Home Price Growth Has Turned the Corner

Monthly home price gains have started slowing in most U.S. metros

The latest release of the S&P CoreLogic Case-Shiller Index indicated that home price growth remained strong in August, clocking in a 19.8% annual growth, same as the month prior. Nevertheless, after 10 months of double-digit annual home price growth nationally, home price acceleration is showing signs of reprieve. In addition to the national growth rate stalling, the 10-city annual growth slowed from 19.2% to 18.6%, and the 20-city annual rate was down from 20% to 19.7% in August, non-seasonally adjusted.

At the same time, seasonally adjusted monthly changes in the three indexes further highlight the slowing trend. After the onset of the pandemic and home price growth taking a step back in May and June of 2020, monthly price increases surged with all three indexes, seeing a 1.5% monthly jump by August 2020. The last time home prices increased at such a pace was in 2013. By April of this year, monthly increases hovered closer to 2%.

With limited inventories, bidding wars and perception of unsustainable price growth, buyer fatigue set in this summer, taking some pressure off monthly gains in home prices. For the last two consecutive months, monthly home price gains have trended lower. Nationally, monthly increases slowed from 1.8% in June to 1.4% in August. August monthly increase was the slowest since February 2021.  Both the 10-city[1] and 20-city[2] indexes monthly growth rates declined although the 10-city index rate slowed more notably. For both city indexes, the August monthly increase was the slowest since July 2020.  Figure 1 illustrates the trend in monthly gains for the three indexes over the last 20 months.

Figure 1 Monthly Price Growth Slowed to 1.4% in August

Among the 20 cities reported by the S&P CoreLogic Case-Shiller, all saw slowing of monthly gains between the peak months in 2021, which varied across cities, to August 2021 (Figure 2). In Phoenix, which was seeing the strongest monthly gains in the group since March 2021 and had strongest annual home price growth for 26 consecutive months, gains slowed in August to 2.3% from 3.4% in June. Most notable slowing of monthly gains was evident in San Diego, CA, down from 2.9% in April to 1% in August, followed by San Francisco which slowed from 2.7% to 2.1%, and Seattle, WA– from 2.8% to 1.1%. As a result of the slowing in Phoenix, AZ, monthly gains in August were strongest in Tampa and Las Vegas.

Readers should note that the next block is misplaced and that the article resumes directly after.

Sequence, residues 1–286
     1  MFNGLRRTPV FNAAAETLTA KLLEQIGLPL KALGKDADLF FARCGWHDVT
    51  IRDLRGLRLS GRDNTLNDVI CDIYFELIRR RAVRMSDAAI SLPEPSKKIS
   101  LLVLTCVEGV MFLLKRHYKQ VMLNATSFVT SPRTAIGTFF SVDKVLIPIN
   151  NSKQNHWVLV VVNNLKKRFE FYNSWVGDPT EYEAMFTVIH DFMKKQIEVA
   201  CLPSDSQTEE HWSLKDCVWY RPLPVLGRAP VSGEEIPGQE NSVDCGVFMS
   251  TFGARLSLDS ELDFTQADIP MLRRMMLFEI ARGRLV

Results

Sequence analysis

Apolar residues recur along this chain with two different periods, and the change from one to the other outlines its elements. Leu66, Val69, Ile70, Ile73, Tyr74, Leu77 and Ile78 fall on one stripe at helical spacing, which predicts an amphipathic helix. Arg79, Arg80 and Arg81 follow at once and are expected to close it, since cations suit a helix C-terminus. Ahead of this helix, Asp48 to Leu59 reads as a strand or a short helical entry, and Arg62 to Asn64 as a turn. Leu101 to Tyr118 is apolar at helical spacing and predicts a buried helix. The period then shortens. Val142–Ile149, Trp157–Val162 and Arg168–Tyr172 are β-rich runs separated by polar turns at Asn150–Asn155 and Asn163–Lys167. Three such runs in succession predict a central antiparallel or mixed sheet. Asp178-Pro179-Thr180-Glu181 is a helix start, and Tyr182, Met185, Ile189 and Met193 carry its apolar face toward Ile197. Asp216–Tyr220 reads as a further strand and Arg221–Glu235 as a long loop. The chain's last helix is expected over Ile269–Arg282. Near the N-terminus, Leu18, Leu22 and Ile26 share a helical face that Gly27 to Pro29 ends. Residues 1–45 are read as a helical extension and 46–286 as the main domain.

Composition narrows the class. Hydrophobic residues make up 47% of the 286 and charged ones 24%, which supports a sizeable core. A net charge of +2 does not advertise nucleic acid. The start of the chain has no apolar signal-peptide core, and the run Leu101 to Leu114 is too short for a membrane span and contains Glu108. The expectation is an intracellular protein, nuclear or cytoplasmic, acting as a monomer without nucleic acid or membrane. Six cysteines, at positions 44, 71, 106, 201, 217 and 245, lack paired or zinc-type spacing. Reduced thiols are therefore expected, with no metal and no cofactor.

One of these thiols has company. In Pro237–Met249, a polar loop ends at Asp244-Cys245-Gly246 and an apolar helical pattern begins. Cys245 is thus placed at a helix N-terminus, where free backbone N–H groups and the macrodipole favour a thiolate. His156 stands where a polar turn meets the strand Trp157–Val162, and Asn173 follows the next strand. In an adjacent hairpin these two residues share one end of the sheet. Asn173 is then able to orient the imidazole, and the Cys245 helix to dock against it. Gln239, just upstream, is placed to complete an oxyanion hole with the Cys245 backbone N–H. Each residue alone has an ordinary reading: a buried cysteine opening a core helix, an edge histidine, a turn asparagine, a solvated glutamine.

Atlanta, GA reported the smallest decline in monthly gains and showed a relatively robust 2.1% gain in August, down from 2.3% in July. 

Figure 2 Seasonally adjusted monthly gains slowed in all cities between peak 2021 months and August 2021

In addition to 20 cities reported by the S&P Dow Jones Indices, CoreLogic estimates the Case Shiller Home Price Index for more than 400 other metropolitan and micropolitan areas in the U.S. Among these metropolitan areas, almost all – 92% – experienced slowing of monthly increases in August. Interestingly, the most significant decrease was among metro areas that enjoyed robust home price growth over the past year. Figure 3 lists the top 20 metropolitan areas with most significant slowing of monthly gains and highlights the peak monthly gain in 2021 compared to August. Austin, TX experienced the largest decline in monthly gains from 3.8% in May to no change in prices in August. The greater Dallas metropolitan area likewise had no monthly price growth in August. Also, Boise, ID – which has been a poster child for strong home demand over the last couple of years, also joined the group of metros with largest declines in monthly gains, as did St. George, UT.

Figure 3 Monthly gains slow notably among some areas with prior rapid home price appreciation

Lastly, while slowing of monthly gains have generally characterized housing markets across the country, there was a group of markets that continued to enjoy stronger monthly gains in August. Out of 17 markets with monthly increases, eight were in the South East, including Florida, South Carolina, North Carolina and Georgia. This is not surprising as these markets are popular among snow birds and with winter peeking it’s cold head and the ability of some workers to continue to work from home, areas that offer warm weather and affordability appear to remain popular among homebuyers. Even when looking at areas that rank with highest monthly gains in August, 13 out of the top 20 are in Florida.

Going forward, annual home price growth is likely to continue slowing from the current rate of almost 20%. According to the latest CoreLogic HPI Forecast, home price growth will gradually slow over the next year, reaching a 2% annual gain in September 2022. Deceleration may be more prominent in areas where home price growth has outpaced the income growth, pricing local households out of the market. In Phoenix, AZ, which has ranked as the strongest home price growth market among the locals and included in the 20-city Case Shiller Index for 26 consecutive months, home prices may take a dip and decline about 0.4% next September compared to current prices. Similarly, several markets in Texas, Wyoming, Louisiana and Idaho are forecasted to take a small dip by the fall of next year. With the current unsustainable rate of home price growth, seeing signs of gradual slowdown is a welcomed change, which suggests a housing market with a better demand-and-supply balance lies ahead.

[1] 10-City Composite Index includes the following metropolitan areas: Boston, Chicago, Denver, Las Vegas, Los Angeles, Miami, New York, San Diego, San Francisco, Washington DC.

[2] The 20-city Composition index includes the additional metropolitan areas: Atlanta, Charlotte, Cleveland, Dallas, Detroit, Minneapolis, Phoenix, Portland, Seattle And Tampa

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